When Og sat around the cave fire back in 1 million B.C., he knew he had to tell a story that would keep everyone from crawling back to their furs and making babies. So he organized his story about hunting down a woolly mammoth into a thrilling adventure that kept everyone glued to their boulders. He watched their eyes and their faces as he piled on lie after lie after lie, and they oohed and aahed and loved him for it. And he loved them for giving him that moment by the cave fire, that spotlight in their lives, those unblinking eyes, those startled gasps. Og would go hunting the next day and be thinking about how to tell an even better story next time. He would look for things that would help him make up new stories. Because entertaining the tribe was simply a way to show his affection for it.
So the next time some snotty writer tries to tell you how special you have to be in order to do what they do, blow them off. We're all one tribe, we all can have a place by the fire.
Figures I would check out on a Monday, right?
For Whom the Bell Tolls:
You guys e-mail me some weird stuff, but this is really morbid. A reader directed me to a place on the Internet where you can find out how long you have to live, and it shows you the seconds counting down until your (estimated) time of death, so you can actually watch
your time here on Earth slip away. Don't go here if you're depressed, but if you're in the mood for a gruesome laugh, find out how soon you should make out your will at the deathclock site.
And when do I buy the farm? Optimistically speaking, Monday, November 27, 2062 (great time to die. After Thanksgiving, before Christmas. Everyone will be at work.)
Quote for the Day:
"There is nothing wrong with writing - so long as you do it in private and wash your hands afterwards." -- Robert Heinlein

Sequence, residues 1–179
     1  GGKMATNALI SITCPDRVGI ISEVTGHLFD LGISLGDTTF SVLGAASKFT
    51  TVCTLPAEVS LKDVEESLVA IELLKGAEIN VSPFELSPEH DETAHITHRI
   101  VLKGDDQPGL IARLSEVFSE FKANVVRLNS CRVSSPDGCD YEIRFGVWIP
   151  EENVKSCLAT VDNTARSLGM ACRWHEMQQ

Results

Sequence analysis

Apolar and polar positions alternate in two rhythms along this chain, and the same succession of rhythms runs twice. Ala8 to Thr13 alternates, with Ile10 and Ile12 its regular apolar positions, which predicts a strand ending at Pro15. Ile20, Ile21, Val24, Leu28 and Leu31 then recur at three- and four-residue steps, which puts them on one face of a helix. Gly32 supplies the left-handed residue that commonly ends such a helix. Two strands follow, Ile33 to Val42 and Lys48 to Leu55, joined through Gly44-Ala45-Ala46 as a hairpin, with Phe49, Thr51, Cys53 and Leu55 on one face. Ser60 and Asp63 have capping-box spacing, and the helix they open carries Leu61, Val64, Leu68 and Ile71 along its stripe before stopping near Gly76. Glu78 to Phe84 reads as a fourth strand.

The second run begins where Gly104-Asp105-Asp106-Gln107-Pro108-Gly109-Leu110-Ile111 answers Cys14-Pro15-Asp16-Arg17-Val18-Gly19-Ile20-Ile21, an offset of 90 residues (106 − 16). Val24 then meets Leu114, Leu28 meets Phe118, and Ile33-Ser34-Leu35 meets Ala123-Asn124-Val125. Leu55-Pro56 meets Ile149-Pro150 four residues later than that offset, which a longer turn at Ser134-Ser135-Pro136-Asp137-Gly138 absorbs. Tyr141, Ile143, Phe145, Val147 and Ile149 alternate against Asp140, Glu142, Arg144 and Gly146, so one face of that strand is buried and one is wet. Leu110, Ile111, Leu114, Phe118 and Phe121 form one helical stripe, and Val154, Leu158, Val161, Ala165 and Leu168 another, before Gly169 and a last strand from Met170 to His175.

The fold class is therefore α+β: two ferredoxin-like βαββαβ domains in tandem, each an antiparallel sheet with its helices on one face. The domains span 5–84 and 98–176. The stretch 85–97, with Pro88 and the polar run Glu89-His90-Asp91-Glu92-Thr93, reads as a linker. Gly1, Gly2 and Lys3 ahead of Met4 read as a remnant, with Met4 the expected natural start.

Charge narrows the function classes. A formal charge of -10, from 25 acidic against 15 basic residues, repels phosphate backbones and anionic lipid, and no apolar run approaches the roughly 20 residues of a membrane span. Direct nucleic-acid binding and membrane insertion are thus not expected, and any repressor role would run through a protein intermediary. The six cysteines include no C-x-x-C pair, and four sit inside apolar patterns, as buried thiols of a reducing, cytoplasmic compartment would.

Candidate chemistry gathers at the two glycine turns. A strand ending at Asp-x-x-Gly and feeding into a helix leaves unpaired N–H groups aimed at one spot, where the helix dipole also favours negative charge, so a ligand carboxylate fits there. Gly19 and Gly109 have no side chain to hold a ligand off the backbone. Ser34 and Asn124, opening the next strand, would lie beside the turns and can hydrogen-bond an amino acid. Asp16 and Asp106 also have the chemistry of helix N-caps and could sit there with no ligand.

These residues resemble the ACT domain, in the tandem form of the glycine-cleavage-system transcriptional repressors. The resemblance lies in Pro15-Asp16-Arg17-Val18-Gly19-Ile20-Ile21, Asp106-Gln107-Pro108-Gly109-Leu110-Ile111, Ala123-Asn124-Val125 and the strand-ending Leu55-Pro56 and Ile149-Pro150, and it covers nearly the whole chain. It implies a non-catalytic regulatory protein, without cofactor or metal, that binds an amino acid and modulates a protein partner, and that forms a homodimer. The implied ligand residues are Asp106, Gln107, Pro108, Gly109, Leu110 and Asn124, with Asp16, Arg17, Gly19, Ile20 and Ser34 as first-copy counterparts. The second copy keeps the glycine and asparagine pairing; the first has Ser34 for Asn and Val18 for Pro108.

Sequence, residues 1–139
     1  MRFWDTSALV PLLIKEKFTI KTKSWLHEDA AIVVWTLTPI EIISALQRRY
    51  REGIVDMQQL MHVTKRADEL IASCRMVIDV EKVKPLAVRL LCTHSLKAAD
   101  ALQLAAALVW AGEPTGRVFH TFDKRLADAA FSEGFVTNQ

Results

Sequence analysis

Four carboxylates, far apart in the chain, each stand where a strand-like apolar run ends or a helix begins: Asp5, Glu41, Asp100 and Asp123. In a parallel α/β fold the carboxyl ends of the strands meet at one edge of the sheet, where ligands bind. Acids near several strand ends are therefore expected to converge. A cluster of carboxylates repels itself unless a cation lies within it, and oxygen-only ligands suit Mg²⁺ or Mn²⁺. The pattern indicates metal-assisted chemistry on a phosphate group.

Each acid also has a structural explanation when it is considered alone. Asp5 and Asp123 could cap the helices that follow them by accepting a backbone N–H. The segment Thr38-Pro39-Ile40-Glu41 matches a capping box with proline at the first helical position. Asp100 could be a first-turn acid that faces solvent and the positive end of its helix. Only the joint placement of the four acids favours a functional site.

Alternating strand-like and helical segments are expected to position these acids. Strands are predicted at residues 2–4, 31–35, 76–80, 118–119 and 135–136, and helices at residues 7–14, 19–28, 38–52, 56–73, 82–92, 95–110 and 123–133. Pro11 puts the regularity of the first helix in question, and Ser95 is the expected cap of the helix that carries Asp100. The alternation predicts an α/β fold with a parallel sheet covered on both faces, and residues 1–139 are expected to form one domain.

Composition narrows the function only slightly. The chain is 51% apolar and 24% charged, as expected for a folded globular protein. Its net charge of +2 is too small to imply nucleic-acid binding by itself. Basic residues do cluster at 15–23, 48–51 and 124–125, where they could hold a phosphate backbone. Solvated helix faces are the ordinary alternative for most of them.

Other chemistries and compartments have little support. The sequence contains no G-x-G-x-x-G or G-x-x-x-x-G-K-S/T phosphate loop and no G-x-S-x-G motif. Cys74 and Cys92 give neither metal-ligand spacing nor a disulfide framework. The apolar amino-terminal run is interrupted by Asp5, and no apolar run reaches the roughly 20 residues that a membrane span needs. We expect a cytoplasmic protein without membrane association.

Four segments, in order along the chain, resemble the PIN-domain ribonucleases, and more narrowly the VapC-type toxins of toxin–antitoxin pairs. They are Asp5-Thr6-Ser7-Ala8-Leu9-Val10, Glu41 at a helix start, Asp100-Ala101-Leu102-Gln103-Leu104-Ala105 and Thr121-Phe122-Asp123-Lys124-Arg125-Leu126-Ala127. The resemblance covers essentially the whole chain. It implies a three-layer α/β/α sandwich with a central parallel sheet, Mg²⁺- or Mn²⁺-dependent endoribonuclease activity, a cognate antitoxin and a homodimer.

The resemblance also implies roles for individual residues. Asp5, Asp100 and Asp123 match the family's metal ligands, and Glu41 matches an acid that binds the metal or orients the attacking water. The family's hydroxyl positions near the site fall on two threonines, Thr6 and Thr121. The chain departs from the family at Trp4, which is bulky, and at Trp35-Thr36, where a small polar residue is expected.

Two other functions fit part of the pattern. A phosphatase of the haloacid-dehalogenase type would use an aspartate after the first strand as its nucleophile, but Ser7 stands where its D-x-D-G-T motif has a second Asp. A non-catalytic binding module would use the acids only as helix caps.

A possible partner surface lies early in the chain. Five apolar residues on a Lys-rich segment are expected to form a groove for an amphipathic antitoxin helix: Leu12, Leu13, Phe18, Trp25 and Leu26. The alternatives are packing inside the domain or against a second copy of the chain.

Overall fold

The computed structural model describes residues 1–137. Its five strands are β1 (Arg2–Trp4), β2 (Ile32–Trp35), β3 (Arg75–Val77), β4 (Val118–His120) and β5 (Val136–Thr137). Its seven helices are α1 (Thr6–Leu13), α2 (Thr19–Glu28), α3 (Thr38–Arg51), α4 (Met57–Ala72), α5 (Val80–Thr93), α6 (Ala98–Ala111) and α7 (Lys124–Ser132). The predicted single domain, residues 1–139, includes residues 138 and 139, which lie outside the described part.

You know, I'm starting to like this guy anyway.
Medical Fact for the Day: Parathion
is an organophosphate insecticide that is highly poisonous to humans and animals. Poisoning occurs after absorption through the skin, inhalation, or ingestion and is common among migrant workers and others employed by agricultural industries. Symptoms include nausea, vomitting, stomach cramps, loss of bowel and bladder control, abnormal salivation and sweating, blurred vision, headache, confusion, and muscle spasms. If the poisoning is severe, the patient may suffer difficulty breathing, palpitations, seizures, and loss of consciousness. Treatment requires induced vomitting or gastric lavage for swallowed parathion, or injections of atropine and pralidoxime for other contamination methods. With rapid treatment, many patients often survive otherwise lethal doses.
Got in a rather strange e-mail today from someone who sent me a copy of an interview with Iris Johansen with a subject line of "Interview Request." I'll assume Ms. Johansen got the e-mail intended for me. Since we've only met once, briefly last summer, I don't think I should e-mail Ms. Johansen and ask, "Hey, any e-mails for me?" I did enjoy reading the interview, though, she's an amazing lady.
I decided a while back to stop giving interviews, about the same time I stopped reading reviews of my books. I don't like talking about my work and I can never think of anything stunningly clever to say anyway (unless it's a write-in, and they give me 48 hours to think.) Also, most of the questions make me very uncomfortable. They always go for the artistic stuff and let's face it, I'm a cold-blooded machine when it comes to writing. I don't play music, I don't talk to my characters, I don't wear special clothes or spray myself with Chanel or otherwise transport myself to Neverland. The most artistic thing I do is to put a coaster under my tea mug before I turn on the computer so it doesn't make a ring on the desk. Wait, I do burn incense, but I do that when I'm folding laundry, washing the dishes, clipping coupons, etc.